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You are Viewing an Archived IssuePosted: 05/20/09
Schools await criteria
for stimulus package funds
by CHRIS GRAYSchool districts are still waiting to see what will happen with money promised by the federal stimulus package.
Observer Staff Writer
The American Recovery and Reinvestment Act, signed in February by President Barack Obama, is a $787 billion project to "jump-start" the economy by saving jobs and creating opportunities for low-income families.
Part of that investment will be toward education. The Department of Education states that each district will have two years to figure out ways of using the money in innovative ways, whether it's saving jobs or improving student achievement for long-term impact.
Macomb County is estimated to receive about $14 million for at-risk students while $29 million will be for special education. Stabilization money is also heading its way, but its uses haven't been completely defined.
Unfortunately, the criteria and possible strings attached to using stimulus funds have yet to be fully determined, causing a state of stasis for districts like Romeo Community Schools.
"The guidelines are all up in the air, we're still waiting," said Executive Director of Business Affairs Cynthia Schwark. "It will take a while to get all the information we need."
Schwark said the applications for the funding are going to be released shortly, possibly as soon as this week for some grants. When they are released, the district will apply.
Schwark said the stimulus money will be split into different areas. The first will go toward the Individuals with Disabilities Act (IDEA) program, which will flow through the Intermediate School District. This will be used for programs such as special education.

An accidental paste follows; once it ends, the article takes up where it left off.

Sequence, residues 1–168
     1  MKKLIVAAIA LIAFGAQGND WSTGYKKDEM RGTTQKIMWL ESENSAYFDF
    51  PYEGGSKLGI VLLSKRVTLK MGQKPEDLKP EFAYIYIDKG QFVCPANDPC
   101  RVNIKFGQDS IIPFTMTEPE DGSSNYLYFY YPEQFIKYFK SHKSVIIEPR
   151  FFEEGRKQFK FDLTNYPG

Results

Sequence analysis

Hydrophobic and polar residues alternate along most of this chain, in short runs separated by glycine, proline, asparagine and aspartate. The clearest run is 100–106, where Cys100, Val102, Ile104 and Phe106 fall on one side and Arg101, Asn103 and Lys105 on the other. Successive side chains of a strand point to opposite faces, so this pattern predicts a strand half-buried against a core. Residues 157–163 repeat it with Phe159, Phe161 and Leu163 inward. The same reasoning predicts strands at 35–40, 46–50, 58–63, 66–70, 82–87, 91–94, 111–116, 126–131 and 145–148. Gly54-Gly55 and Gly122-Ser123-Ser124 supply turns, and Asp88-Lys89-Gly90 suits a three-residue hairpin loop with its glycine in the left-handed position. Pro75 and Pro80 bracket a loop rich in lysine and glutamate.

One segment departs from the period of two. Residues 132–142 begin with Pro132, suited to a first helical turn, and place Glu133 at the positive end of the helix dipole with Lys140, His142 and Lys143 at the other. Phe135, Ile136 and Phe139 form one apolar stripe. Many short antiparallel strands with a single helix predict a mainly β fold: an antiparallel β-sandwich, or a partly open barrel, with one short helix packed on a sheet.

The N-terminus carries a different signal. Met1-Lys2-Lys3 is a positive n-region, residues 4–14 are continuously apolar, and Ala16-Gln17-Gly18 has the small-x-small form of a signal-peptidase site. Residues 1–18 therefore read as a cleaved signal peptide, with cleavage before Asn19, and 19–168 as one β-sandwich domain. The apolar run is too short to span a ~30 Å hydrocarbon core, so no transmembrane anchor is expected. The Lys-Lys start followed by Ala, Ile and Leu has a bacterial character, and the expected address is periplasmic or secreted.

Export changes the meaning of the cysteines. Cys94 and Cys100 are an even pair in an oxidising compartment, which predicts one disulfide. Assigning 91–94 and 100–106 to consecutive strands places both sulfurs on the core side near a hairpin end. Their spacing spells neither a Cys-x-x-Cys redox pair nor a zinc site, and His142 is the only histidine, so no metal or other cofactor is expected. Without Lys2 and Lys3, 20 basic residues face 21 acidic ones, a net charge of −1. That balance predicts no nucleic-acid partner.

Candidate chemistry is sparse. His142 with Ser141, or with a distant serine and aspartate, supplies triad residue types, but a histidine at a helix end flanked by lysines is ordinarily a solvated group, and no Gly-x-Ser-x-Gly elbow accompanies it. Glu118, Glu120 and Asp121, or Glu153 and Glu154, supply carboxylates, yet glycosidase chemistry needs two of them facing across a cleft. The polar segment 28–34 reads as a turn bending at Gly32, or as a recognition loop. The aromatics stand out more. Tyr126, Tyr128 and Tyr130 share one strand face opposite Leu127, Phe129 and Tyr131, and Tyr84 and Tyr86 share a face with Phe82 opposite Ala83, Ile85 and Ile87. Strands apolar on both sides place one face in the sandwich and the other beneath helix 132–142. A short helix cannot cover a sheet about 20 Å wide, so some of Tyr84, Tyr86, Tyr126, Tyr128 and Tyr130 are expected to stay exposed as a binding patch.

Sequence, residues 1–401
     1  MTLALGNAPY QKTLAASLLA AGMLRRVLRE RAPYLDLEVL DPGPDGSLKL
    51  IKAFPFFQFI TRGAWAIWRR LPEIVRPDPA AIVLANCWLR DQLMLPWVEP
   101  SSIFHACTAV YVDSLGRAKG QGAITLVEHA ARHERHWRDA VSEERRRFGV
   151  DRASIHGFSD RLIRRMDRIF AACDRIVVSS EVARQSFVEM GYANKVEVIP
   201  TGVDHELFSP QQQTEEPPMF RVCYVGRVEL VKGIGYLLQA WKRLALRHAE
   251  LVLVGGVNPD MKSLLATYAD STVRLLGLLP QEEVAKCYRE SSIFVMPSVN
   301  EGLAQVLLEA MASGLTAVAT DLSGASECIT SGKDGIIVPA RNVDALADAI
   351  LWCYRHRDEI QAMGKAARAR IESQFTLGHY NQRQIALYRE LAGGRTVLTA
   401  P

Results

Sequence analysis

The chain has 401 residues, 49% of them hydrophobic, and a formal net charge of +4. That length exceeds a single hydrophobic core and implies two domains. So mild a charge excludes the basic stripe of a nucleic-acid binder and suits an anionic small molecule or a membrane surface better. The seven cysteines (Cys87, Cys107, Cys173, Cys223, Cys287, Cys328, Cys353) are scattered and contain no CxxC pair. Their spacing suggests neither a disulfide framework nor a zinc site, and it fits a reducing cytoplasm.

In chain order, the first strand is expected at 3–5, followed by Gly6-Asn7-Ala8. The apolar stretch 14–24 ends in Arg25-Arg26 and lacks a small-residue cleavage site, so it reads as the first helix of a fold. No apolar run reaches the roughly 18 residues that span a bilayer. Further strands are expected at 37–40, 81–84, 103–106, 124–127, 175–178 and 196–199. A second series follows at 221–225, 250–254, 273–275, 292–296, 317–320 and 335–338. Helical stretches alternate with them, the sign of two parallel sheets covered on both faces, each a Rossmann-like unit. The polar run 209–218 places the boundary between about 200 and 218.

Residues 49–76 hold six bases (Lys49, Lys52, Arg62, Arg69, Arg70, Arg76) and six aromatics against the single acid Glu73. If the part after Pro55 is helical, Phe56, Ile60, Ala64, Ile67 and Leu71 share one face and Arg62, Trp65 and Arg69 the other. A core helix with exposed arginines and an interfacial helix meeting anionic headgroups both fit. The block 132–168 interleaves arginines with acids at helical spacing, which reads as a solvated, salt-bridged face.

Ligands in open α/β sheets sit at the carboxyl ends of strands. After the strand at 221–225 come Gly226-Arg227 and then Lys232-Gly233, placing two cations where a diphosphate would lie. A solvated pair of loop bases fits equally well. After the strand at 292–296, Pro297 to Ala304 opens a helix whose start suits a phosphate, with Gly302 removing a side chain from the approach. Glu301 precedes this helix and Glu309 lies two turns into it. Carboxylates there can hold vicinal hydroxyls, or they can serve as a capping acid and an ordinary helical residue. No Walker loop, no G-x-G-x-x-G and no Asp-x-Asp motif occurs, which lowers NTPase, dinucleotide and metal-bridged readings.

The second category is Title I, which comes directly to the district. This money is earmarked for creating or improving at-risk student programs. It can also be used for identifying and training highly effective teachers and on-line course software, according to documents from the Michigan Schools Business Office.
A third category is the Title II-D, meant for technology education. Schwark said the federal government wants this to be innovative, capital outlay uses for technology as opposed to staff. She said the application for this may not be out until September.
Another chunk of the stimulus money will go to the state as stabilization funding, which will be used to back-fill any holes from revenue loss. For school districts, this means the money would be used to stop any prorations.
In Romeo's case, it would be used to negate the loss of $59 per student in the school state aid revenue fund.
"We will likely have to account for that money as a separate line item, but we're not sure just yet," Schwark said. "This won't be an end-all to save the budget."
The estimated total of federal funds to Romeo is $1.3 million in 2009, with a total increase of funding estimated at $2.7 million over the next two years, but this is only a soft number, said Schwark.
At the May 4 meeting of the Board of Education, Vice-president Michael Stobak indicated he had spoken with Governor Jennifer Granholm about stimulus funds. He said he was told criteria still needs to be determined for the funds.
"I would be concerned, other than the stabilization fund, of including them in a future budget," he said.
Questions submitted to the Economic Recovery Office in Lansing were not returned by print deadline.